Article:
The Venetian Book-trade in the 15th Century: material evidence for the economic and social history of the Renaissance

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Project Description:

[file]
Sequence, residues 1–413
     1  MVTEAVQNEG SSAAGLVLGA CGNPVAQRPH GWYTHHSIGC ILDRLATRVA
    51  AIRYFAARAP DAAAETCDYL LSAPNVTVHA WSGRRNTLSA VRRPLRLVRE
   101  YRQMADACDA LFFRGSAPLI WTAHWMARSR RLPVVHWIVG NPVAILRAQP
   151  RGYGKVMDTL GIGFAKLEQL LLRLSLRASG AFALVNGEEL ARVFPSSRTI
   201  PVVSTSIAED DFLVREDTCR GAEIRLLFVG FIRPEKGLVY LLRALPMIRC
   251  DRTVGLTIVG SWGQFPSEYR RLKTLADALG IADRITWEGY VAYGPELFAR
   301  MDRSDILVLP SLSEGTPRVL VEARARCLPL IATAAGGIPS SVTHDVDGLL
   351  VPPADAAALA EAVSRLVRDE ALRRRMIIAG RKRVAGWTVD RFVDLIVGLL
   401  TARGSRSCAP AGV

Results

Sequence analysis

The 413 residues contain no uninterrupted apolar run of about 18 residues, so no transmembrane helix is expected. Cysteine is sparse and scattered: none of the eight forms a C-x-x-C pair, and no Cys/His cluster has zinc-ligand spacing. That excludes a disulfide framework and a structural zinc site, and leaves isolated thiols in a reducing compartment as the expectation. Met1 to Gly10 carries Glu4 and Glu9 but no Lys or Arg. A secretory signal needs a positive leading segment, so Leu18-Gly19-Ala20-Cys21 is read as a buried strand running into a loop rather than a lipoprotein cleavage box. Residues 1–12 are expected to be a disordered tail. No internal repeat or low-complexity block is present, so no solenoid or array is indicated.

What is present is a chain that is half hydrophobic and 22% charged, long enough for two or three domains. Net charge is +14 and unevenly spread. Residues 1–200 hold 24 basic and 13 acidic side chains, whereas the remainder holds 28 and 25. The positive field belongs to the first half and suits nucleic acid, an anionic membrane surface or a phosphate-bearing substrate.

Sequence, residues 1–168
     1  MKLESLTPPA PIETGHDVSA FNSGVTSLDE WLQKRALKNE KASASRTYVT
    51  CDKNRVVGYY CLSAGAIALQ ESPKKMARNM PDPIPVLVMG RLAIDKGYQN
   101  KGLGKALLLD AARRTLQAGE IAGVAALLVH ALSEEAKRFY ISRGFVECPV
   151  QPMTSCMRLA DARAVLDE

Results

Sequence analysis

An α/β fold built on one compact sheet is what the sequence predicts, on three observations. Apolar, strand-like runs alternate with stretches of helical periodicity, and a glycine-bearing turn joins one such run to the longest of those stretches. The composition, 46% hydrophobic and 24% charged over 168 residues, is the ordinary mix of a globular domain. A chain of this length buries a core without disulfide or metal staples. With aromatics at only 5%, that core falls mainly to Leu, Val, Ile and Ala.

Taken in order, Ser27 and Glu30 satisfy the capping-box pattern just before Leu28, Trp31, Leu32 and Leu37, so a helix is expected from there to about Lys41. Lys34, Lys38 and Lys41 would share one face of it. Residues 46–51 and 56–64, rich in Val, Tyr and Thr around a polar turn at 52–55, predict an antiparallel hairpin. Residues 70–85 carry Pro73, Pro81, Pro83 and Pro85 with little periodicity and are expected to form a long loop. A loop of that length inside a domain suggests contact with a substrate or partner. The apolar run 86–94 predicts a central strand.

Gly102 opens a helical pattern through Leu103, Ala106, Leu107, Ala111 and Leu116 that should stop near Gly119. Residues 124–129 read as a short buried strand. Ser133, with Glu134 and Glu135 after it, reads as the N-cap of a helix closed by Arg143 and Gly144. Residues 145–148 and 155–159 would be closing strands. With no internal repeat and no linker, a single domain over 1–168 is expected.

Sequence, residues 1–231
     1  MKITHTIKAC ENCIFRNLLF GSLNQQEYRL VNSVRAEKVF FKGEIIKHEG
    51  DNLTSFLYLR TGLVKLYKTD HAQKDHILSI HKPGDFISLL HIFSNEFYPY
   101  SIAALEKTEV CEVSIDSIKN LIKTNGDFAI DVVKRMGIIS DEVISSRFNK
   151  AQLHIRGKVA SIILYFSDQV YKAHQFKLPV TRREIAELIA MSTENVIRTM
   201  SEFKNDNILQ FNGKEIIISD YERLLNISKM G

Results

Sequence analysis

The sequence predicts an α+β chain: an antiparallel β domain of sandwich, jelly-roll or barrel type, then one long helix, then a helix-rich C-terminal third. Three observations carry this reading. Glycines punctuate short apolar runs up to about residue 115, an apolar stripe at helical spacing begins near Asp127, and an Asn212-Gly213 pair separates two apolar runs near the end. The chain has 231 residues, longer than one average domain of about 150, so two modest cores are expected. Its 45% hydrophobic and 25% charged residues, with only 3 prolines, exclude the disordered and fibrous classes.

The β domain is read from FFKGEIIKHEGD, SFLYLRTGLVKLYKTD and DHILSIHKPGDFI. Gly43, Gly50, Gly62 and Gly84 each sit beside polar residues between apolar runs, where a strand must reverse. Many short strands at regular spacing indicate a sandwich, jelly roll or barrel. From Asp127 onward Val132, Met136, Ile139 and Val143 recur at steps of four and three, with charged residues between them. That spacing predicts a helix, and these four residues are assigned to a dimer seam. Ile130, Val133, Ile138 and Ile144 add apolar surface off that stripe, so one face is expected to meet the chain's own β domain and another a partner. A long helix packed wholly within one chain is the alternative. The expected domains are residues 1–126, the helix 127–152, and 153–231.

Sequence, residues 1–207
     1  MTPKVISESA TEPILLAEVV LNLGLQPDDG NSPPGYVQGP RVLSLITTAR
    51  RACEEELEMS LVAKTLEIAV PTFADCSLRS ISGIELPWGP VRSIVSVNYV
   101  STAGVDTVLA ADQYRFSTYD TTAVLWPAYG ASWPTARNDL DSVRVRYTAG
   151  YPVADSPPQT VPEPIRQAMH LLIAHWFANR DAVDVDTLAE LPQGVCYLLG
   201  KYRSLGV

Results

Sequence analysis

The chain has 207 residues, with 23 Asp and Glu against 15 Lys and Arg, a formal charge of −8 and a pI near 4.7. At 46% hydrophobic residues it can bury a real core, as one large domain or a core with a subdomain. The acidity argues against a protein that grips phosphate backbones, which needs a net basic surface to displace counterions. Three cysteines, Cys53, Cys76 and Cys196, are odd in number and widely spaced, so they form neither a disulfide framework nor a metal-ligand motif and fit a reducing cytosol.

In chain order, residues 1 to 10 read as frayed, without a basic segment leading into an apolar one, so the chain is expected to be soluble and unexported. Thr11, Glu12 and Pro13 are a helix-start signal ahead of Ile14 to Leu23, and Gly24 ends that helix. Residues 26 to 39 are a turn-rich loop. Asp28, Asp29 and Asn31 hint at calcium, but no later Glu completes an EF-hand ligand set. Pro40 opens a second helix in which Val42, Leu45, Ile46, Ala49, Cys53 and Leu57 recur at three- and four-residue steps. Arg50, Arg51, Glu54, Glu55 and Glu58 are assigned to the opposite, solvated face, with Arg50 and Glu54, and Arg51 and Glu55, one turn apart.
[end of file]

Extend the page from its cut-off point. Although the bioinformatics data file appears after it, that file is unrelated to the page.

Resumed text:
The book trade differs from other trades established and operating in the medieval and early modern periods in that the goods traded survive in considerable numbers. Not only do they survive, but many of them bear stratified evidence of their history in the form of marks of ownership, prices, manuscript annotations, bindings and decoration styles. This project proposes for the first time to use the traded objects themselves, 15th-century books which still survive in their thousands, as evidence of the book trade, to substantially complement current research based almost solely on scattered documentary evidence (printers contracts, litigations, booksellers stock lists, wills etc.). The project will investigate, analyse and contextualise the material evidence, also known as copy specific, or provenance information (ownership notes, purchasing prices, binding, decoration, manuscripts notes) of thousands of surviving 15th-century books printed in Venice and exported and used everywhere in Europe to assess how their distribution took place, so to advance our knowledge of the trade network, as well as of the response of different publics to the introduction of printing, of purchasing and of reading habits. Data will be partly extracted from published catalogues of incunabula which contain such information in varying degrees of completeness, partly collected by the Researcher first hand (in Venice and Seville in particular) in a newly designed database: Material Evidence in Incunabula (MEI), funded by the BA, produced by Alex Jahnke of DCG Univ. of Goettingen, and maintained by CERL. MEI offers a central repository on the copy-specific data on incunabula not yet described in any paper or electronic catalogue – the majority. It is linked to the Incunabula Short-Title Catalogue (ISTC), from which it derives the bibliographic records, it allows for the recording of any aspect of the material evidence of incunabula, it also allows for sophisticated integrated searches of the material: every piece of evidence, not just names of owners, but also a certain style of decoration or the period of a manuscript note, is treated as valuable clue for provenance, therefore it can be geographically located and chronologically dated. This enables the tracking of the movement of books across Europe and throughout the centuries. Explicit ownership notes are further categorised as private or institutional, religious or lay, female or male, and by profession. A number of libraries have started to catalogue the provenance of their incunabula in MEI, among which the British Library and Rome, National Central Library (full list on the website). The result will detail how the Venetian trade in printed books, the largest in 15th-century Europe, developed and expanded, at the same time offering a substantial contribution, based on solid and extensive evidence, to the economic and social history of the Renaissance.